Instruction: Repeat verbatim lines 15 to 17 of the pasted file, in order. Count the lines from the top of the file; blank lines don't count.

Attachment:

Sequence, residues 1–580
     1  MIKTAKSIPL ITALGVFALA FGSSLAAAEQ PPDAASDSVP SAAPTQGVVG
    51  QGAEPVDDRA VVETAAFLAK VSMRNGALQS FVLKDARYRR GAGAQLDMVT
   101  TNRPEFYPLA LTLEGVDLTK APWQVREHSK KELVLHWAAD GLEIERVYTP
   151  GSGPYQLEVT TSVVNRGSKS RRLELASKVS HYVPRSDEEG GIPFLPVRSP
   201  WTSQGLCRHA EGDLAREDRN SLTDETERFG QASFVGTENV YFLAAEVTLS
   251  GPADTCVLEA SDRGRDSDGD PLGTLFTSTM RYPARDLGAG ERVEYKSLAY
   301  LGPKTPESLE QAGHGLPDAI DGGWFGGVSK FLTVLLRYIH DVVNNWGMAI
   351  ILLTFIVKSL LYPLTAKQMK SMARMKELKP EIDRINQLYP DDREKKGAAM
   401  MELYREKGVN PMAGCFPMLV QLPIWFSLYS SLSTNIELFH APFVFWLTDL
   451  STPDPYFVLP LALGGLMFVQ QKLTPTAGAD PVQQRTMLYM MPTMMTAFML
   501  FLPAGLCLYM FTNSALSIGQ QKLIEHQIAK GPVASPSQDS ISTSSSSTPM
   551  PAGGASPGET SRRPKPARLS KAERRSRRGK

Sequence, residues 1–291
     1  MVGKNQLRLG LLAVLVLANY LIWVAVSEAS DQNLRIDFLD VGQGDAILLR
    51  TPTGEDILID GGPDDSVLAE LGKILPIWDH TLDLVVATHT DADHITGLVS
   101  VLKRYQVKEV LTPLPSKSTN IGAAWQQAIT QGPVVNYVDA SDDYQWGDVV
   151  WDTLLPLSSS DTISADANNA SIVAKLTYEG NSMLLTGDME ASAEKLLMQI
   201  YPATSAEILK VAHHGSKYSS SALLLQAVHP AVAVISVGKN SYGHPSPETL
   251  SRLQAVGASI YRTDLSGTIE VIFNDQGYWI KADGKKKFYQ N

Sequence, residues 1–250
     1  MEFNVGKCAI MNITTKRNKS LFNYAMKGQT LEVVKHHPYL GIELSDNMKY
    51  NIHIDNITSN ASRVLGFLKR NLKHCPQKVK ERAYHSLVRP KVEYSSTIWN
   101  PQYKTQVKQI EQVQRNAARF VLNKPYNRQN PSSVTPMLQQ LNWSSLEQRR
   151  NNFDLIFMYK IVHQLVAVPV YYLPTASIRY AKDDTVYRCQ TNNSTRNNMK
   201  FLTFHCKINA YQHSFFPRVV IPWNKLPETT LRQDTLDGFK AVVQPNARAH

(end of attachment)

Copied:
     1  MVGKNQLRLG LLAVLVLANY LIWVAVSEAS DQNLRIDFLD VGQGDAILLR
    51  TPTGEDILID GGPDDSVLAE LGKILPIWDH TLDLVVATHT DADHITGLVS
   101  VLKRYQVKEV LTPLPSKSTN IGAAWQQAIT QGPVVNYVDA SDDYQWGDVV